Find out more about some of the iconic features of the Great Ouse Valley
- Credit: Archant
Bridget Flanagan, Trustee of the Great Ouse Valley Trust, describes the unique appeal of some of the iconic features, past and present, of the Great Ouse Valley.
When we are out and about in the Great Ouse Valley, as so many of us now are, we like to lose ourselves amongst the great stretches of meadows and vast open skies - in complete contrast to the restrictions and confinement of current times.
There is a huge sweep of horizons in this low, flat landscape – but what and where, I wonder, are the landmarks that draw the eye, allow us to establish our location and are distinct to the area?
The first must be the church spires, where the faithful of each parish looked heavenward. They are an iconic feature along the river. St Ives is a town with two spires: the nineteenth century Free Church vying to outdo the 46.5 metres (151 feet) of the spire of All Saints (see photograph). To the west is the elegant spire of Hemingford Abbots and next the Godmanchester spire with its distinguishing three tiers of window lights. To the east, the collection of spires of Fenstanton, Swavesey, Fen Drayton, Over and Bluntisham preside over the river and fen.
Then there are the windmills. We think of them as gentle, romantic landmarks of the past, but the valley has just four survivors. Those at Over and Willingham are splendid with full sails: at Hemingford Grey and Swavesey only the towers remain. Less appealing are the functional, solid and stark water towers – especially when painted white, such as that at Wyton.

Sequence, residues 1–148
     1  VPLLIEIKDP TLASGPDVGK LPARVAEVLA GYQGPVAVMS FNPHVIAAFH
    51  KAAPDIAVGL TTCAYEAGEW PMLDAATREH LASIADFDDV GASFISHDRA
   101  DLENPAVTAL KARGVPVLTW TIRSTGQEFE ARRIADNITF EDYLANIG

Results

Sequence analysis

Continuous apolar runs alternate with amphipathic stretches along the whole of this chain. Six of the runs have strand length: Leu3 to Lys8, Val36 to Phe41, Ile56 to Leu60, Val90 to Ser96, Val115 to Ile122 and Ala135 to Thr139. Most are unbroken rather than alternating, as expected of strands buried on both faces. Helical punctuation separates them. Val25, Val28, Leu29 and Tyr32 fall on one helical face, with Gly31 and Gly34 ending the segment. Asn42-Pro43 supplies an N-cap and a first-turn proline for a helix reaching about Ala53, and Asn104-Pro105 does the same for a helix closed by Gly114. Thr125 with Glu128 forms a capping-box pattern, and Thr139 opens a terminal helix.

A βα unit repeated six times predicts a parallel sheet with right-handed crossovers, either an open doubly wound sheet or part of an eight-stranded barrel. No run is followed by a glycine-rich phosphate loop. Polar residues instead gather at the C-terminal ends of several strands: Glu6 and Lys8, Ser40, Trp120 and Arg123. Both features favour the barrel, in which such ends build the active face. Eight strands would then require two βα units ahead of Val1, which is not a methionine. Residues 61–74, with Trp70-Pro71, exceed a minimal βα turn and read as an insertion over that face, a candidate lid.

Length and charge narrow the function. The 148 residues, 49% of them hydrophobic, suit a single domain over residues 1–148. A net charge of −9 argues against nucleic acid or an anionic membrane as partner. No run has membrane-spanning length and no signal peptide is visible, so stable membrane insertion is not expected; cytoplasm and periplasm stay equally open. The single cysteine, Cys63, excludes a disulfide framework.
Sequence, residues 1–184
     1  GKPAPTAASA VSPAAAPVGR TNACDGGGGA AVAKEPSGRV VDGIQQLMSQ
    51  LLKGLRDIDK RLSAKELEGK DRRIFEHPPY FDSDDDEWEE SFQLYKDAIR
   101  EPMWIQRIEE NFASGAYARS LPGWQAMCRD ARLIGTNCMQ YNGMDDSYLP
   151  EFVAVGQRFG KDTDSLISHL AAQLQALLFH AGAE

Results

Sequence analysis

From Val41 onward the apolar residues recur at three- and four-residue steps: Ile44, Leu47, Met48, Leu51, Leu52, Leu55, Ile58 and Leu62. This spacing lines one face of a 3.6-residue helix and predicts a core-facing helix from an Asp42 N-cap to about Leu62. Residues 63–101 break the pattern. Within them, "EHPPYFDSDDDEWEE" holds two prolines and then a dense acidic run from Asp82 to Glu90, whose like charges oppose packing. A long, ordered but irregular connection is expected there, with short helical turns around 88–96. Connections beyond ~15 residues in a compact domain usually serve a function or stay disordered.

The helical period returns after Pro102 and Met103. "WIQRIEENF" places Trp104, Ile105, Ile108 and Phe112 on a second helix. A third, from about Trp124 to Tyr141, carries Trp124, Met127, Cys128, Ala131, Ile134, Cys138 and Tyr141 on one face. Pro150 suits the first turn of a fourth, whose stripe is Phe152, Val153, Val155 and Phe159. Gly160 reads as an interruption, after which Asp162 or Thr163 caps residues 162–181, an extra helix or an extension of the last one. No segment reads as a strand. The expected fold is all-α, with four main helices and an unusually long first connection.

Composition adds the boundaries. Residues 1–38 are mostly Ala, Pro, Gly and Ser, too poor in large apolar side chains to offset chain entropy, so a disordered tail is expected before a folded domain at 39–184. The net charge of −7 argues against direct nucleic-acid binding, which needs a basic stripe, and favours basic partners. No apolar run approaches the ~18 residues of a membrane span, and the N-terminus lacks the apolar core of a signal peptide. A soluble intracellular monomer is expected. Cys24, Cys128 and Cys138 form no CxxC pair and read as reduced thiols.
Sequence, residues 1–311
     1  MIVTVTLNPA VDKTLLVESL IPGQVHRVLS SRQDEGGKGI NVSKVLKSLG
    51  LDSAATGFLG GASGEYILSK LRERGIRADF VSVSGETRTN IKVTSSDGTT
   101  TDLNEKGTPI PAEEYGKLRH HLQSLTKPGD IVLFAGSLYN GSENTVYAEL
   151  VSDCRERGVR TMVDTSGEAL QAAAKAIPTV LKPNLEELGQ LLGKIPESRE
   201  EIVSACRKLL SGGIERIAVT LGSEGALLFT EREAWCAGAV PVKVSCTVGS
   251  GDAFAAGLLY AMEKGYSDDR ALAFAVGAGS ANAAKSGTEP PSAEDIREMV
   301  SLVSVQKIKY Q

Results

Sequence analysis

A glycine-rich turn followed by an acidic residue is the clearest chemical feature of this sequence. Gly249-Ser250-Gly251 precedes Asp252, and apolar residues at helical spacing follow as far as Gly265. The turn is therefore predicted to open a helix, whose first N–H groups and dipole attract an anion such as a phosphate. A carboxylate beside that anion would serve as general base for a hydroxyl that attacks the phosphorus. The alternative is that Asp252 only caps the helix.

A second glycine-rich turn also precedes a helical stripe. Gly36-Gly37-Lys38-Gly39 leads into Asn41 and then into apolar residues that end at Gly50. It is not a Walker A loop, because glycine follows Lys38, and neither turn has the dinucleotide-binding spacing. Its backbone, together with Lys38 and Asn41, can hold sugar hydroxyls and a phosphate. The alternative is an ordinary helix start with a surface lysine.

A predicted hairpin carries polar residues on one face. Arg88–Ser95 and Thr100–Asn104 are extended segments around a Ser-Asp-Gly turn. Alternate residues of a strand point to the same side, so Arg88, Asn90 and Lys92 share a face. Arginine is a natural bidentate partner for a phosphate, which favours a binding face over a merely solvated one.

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Many landmarks have been lost. The industrial chimneys of breweries and nineteenth century steam mills at Huntingdon, St Ives and St Neots are now demolished. In 1989 the two cooling towers (55 metres/180 feet) and three chimneys, (the highest 76 metres/246 feet) of the old coal-fired power station at Little Barford, were blown up as watched by Blue Peter viewers. New, colossal landmarks have appeared – wind turbines. The most prominent are the eight turbines at Graveley with a blade height of 128 metres (415 feet). In reality they are even higher: this wind farm is situated above the valley at c 51 metres (165 feet) so its white giants can be seen for miles around.
Closer to our affections are the landmarks made by trees. The most notable are newcomers - the giant sequoias, or ‘Wellingtonias’, introduced from the Californian Rockies in the mid-nineteenth century. Extremely fashionable and expensive as rarities, they were planted in many a country estate and rectory garden. Having now reached 46.2 metres (150 feet), these sequoias have overtaken England’s tallest oak of 40.6 metres (132 feet) and are catching up with poplars of c 50 metres (165 feet) high. But these trees are still in their infancy compared to the world’s tallest in California at 85 metres (275 feet) high and 2,000 years old. Across the UK, and here in the Ouse Valley, they are landmarks now - and still growing for future generations.
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The Great Ouse Valley Trust promotes for public benefit the conservation, restoration and enjoyment of the landscape, wildlife and heritage of the Great Ouse Valley and environs in the county of Cambridgeshire.
For more information about the Trust, visit: www.greatousevalleytrust.org.uk.